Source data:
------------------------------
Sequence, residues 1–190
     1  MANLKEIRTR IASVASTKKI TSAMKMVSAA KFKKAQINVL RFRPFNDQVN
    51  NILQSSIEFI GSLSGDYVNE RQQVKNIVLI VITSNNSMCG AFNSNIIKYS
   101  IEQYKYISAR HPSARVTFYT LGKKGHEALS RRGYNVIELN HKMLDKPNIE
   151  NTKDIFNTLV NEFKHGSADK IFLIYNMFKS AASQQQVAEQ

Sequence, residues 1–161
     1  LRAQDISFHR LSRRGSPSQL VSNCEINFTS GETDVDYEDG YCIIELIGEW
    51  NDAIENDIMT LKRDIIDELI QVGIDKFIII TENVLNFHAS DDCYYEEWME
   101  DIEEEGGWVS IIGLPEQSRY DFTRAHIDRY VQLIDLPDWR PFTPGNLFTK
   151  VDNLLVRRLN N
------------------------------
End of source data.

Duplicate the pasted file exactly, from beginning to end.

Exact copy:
Sequence, residues 1–190
     1  MANLKEIRTR IASVASTKKI TSAMKMVSAA KFKKAQINVL RFRPFNDQVN
    51  NILQSSIEFI GSLSGDYVNE RQQVKNIVLI VITSNNSMCG AFNSNIIKYS
   101  IEQYKYISAR HPSARVTFYT LGKKGHEALS RRGYNVIELN HKMLDKPNIE
   151  NTKDIFNTLV NEFKHGSADK IFLIYNMFKS AASQQQVAEQ

Sequence, residues 1–161
     1  LRAQDISFHR LSRRGSPSQL VSNCEINFTS GETDVDYEDG YCIIELIGEW
    51  NDAIENDIMT LKRDIIDELI QVGIDKFIII TENVLNFHAS DDCYYEEWME
   101  DIEEEGGWVS IIGLPEQSRY DFTRAHIDRY VQLIDLPDWR PFTPGNLFTK
   151  VDNLLVRRLN N